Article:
Ukrainian and British officials warned Saturday that Russian forces are relying on weapons with the potential to cause mass casualties as they try to make headway in capturing eastern Ukraine and as fierce fighting depletes resources on both sides.
Russian bombers have likely been launching heavy 1960s-era anti-ship missiles in Ukraine, the U.K. Defense Ministry said. The Kh-22 missiles were primarily designed to destroy aircraft carriers using a nuclear warhead. When used in ground attacks with conventional warheads, they “are highly inaccurate and therefore can cause severe collateral damage and casualties,” the ministry said.
Both sides have expended large amounts of weaponry in what has become a grinding war of attrition for the eastern region of coal mines and factories known as the Donbas, placing huge strains on their resources and stockpiles.
Russia is likely using the 5.5-tonne (6.1-ton) anti-ship missiles because it is running short of more precise modern missiles, the British ministry said. It gave no details of where exactly such missiles are thought to have been deployed.
Ukraine’s deputy head of military intelligence, Vadym Skibitsky, told The Guardian newspaper that Ukraine was using 5,000 to 6,000 artillery rounds a day, and is now dependent on what the West gives it.
GOVERNOR: FLAMETHROWERS USED IN LUHANSK
A Ukrainian regional governor has accused Russia of using incendiary weapons in the village of Vrubivka in Ukraine’s eastern Luhansk province, southwest of the fiercely contested cities of Sievierodonetsk and Lysychansk.
While the use of flamethrowers on the battlefield is legal, Serhii Haidai, governor of Luhansk province, alleged the attacks overnight caused widespread damage to civilian facilities.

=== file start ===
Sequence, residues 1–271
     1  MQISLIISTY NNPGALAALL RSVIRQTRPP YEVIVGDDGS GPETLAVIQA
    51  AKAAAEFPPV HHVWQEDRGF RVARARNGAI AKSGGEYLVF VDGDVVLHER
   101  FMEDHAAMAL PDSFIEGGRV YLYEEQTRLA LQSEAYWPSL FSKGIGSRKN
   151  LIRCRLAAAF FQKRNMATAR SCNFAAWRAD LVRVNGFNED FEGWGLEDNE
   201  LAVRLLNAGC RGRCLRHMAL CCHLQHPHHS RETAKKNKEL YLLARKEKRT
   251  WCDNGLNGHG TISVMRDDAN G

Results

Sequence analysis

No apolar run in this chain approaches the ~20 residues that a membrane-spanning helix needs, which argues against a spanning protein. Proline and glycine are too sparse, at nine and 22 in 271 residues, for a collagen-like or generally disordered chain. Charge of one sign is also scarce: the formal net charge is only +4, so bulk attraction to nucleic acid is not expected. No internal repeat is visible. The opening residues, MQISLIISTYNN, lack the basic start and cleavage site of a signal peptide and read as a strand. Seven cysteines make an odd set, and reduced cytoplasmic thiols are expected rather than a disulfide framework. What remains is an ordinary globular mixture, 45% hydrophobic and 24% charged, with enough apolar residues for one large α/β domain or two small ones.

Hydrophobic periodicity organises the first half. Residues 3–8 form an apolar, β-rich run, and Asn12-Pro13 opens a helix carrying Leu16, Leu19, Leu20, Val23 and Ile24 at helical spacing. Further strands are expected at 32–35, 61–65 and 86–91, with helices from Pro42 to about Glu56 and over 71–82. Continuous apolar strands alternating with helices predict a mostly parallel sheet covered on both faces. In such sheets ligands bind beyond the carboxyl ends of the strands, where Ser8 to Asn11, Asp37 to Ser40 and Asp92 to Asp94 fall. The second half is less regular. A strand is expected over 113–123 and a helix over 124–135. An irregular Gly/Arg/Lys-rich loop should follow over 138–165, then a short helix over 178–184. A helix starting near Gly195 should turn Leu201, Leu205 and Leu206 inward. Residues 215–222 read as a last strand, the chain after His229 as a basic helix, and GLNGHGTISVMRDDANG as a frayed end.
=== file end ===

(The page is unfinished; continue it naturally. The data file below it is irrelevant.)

“Information about the number of victims in Vrubivka, in the Popasnyanska district, is being specified. At night, the enemy used a flamethrower rocket system – many houses burnt down,” Haidai wrote on Telegram on Saturday morning.
He also said that Russian forces continued their assault on Sievierodonetsk and were destroying critical industrial facilities, including railway depots, a brick factory and a glass factory in neighboring Lysychansk.
“(Russians are) destroying world-famous factories. Thousands of Sievierodonetsk residents dream of returning and crossing the first checkpoint at Azot (a chemical plant), but the enemy is destroying both the city itself and the chemical industry,” he said.
The accuracy of Haidai’s claims could not be immediately verified.
EUROPEAN UNION LEADER BACK IN KYIV
European Commission President Ursula von der Leyen visited Kyiv on Saturday to meet with President Volodymyr Zelenskyy.
Von der Leyen said she and Zelenksyy would “take stock of the joint work needed for reconstruction and of the progress made by Ukraine on its European path.”
The European Commission, the EU’s executive arm, is expected next week to deliver an opinion on Ukraine’s request to be granted EU candidate status, which would be a first step on the long path toward membership.
Von der Leyen is making her second visit to Ukraine since Russia invaded its neighbor. She was one of the first European leaders to go to Ukraine during the war.
RUSSIAN PASSPORTS FOR MELITOPOL RESIDENTS
Russian forces occupying the southern Ukrainian city of Melitopol began handing out Russian passports to local residents Saturday, according to Russian state TASS agency.
A Telegram post by TASS cited a Russian-installed local official as the original source of the information. It did not specify how many Melitopol residents had requested or received Russian citizenship.
Earlier on Saturday, the agency reported that more than 800,000 people in separatist-held territories in Ukraine’s industrial east had received Russian citizenship “through a simplified procedure” since April 2019.
Melitopol is located outside of the Donbas in the region of Zaporizhzhia, which is still held partly by Ukraine.
DEATH TOLL FOR CHILDREN
Nearly 800 children have been killed or injured in Ukraine since the beginning of Russia’s invasion, Ukrainian authorities said Saturday.
According to a statement by the Office of the Prosecutor General of Ukraine, at least 287 children died as a result of military activity, while at least 492 more have been injured. The statement stressed the figures were not final and said they were based on investigations by juvenile prosecutors.
The officer said children in Ukraine’s Donetsk province, which together with Luhansk makes up the Donbas, suffered the most, with 217 reported killed or injured, compared with 132 and 116, respectively, in the Kharkiv and Kyiv regions.